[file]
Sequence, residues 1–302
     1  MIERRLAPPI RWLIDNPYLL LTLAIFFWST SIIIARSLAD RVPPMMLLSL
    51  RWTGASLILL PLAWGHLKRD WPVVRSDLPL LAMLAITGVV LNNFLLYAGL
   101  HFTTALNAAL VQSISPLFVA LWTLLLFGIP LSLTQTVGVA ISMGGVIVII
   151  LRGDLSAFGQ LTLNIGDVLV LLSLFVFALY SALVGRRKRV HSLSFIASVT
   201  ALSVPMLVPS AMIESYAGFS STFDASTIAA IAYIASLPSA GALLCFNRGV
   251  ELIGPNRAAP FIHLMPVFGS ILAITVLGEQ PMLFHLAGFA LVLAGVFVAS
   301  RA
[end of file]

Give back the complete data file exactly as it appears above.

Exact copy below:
Sequence, residues 1–302
     1  MIERRLAPPI RWLIDNPYLL LTLAIFFWST SIIIARSLAD RVPPMMLLSL
    51  RWTGASLILL PLAWGHLKRD WPVVRSDLPL LAMLAITGVV LNNFLLYAGL
   101  HFTTALNAAL VQSISPLFVA LWTLLLFGIP LSLTQTVGVA ISMGGVIVII
   151  LRGDLSAFGQ LTLNIGDVLV LLSLFVFALY SALVGRRKRV HSLSFIASVT
   201  ALSVPMLVPS AMIESYAGFS STFDASTIAA IAYIASLPSA GALLCFNRGV
   251  ELIGPNRAAP FIHLMPVFGS ILAITVLGEQ PMLFHLAGFA LVLAGVFVAS
   301  RA